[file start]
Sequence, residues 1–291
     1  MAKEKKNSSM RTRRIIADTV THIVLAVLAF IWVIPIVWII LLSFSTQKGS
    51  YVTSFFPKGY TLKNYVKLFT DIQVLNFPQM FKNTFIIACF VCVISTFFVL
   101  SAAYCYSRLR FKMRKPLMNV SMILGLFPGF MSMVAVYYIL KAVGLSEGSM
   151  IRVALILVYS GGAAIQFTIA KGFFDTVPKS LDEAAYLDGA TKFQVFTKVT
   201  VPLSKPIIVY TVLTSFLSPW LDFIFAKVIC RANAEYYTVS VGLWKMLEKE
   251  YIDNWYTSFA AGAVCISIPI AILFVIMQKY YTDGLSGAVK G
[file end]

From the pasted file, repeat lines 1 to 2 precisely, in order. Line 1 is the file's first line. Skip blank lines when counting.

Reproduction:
Sequence, residues 1–291
     1  MAKEKKNSSM RTRRIIADTV THIVLAVLAF IWVIPIVWII LLSFSTQKGS